Senate Could Delay Cannabis Legislation in Canada

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With a Liberal majority government in place, Prime Minister Trudeau and his cabinet have been steamrolling over any potential hurdles that might slow the process of marijuana legalization. But now, CBC News is reporting on a potential bump in the road which could delay the July 2018 deadline, and that is the Senate.

Before the Christmas break, the House of Commons is expected to send Bill C-45 to senators who will undoubtedly go through the legislation with a fine-tooth comb.

“The deadline is a political deadline,” said Sen. André Pratte. “It’s not a court that imposed that deadline. It’s the government that set that deadline. We have to take it into account but we also have to do our job seriously and that’s what we’ll do.”

Although the Senate is an independent body in charge of considering the legislation based on its functionality as opposed to its social implications, if senators take too long in their deliberation or even send the bill back for changes, legalization day could be delayed for Canadians.

“Senators aren’t elected, they’re appointed,” said Matt Maurer, chair of the Cannabis Law Group at Minden Gross, in an interview with Marijuana.com. “There’s no party lines, so to speak, for them to follow.”

Maurer added that while technically the Senate could slow the bill down, their intentions are not political. “Historically, [senators] are supposed to be a check and balance on what the House of Commons is doing. It’s not supposed to be for senators to decide [if they] like the idea.”

This theory of the Senate being a sounding board for legislation based on its viability as opposed to its morality was also true in 2005 when the Senate passed the Civil Marriage Act (Bill C-38), which eventually legalized same-sex marriage in Canada at the federal level. That legislation was politically controversial and hotly debated, but nevertheless, it took the Senate less than a month to pass it.

Although Maurer stated it’s possible legalization could get delayed, he’s confident there’s still enough time to implement cannabis legalization as planned. “The bill has already been voted on, it’s been debated, it’s gone through committee stage, it’s had amendments,” said Maurer.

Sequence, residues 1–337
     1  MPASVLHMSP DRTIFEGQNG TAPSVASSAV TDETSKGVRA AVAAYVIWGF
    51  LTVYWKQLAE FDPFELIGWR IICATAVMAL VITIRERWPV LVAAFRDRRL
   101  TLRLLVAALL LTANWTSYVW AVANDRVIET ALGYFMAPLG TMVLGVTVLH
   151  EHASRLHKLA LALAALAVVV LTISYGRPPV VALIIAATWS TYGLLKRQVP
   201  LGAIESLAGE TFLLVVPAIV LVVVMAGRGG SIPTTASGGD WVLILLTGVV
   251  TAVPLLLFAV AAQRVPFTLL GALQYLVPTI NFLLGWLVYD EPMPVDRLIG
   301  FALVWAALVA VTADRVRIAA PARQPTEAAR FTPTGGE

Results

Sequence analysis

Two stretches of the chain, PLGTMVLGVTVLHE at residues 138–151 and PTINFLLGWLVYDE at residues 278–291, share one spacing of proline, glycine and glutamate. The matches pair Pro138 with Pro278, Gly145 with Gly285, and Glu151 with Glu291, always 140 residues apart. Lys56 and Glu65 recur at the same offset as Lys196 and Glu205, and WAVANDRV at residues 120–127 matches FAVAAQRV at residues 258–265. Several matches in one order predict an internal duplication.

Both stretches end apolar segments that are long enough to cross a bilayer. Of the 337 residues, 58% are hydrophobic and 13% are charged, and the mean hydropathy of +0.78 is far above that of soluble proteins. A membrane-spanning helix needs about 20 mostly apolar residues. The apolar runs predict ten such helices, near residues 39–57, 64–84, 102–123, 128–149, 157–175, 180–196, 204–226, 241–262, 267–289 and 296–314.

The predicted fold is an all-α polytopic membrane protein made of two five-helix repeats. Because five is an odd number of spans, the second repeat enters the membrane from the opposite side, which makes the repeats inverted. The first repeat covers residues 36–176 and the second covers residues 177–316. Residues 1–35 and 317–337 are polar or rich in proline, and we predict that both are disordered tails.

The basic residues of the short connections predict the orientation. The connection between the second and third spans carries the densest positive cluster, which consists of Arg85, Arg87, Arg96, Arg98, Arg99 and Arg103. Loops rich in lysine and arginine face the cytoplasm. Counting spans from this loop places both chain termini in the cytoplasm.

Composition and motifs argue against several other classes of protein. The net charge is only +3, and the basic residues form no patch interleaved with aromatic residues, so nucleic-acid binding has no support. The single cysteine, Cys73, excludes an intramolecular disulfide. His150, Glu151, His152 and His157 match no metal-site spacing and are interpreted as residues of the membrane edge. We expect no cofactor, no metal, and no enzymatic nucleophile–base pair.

“What the Senate can also do, and I believe they have done it, in this case, is they can ask for a report before it even gets to the Senate. They can start doing their homework before the bill even shows up, like studying for your second semester before the course begins.”

Maurer added that the Liberals clearly tried to get Bill C-45 to the Senate as quickly as possible to give the Senate adequate time to perform their due diligence. “[Although]  it is an important piece of legislation, there’s nothing more distinctive about this piece of legislation than any others that should require it to take longer than it otherwise would.”

Photo courtesy of tsiaproject

About Author

Jon Hiltz was a journalist for Marijuana.com for two years and is now director of content for INDIVA, a licensed cannabis producer in Ontario Canada.

2 Comments

  1. I’m really wondering if big pharma isn’t behind this delay but keeping them selves hidden from view so they would not be noticed. They are about as evil as can be with regards to cannabis or cannbis being used to treat things that big pharma would normally treat but without all the horrible side effects associated with pharmaceuticals. Why else would it be taking so long when the rest of the world already know that cannabis is considerably safer than pharmaceutical drugs. Hell it could be a combination of big pharma and big alcohol, who knows I just wish these politicians would pull their heads out of their asses and proceed with what the majority of the population/people want… legalization!!!

  2. What they have proposed is not legalization you won’t go to jail for 14 years for selling or giving a minor booze but you will for selling them cannabis.
    That does not sound like laws being applied fairly and evenly to me it sounds like a constitutional violation of our rights .
    This is nothing more than prohibition 2.0.

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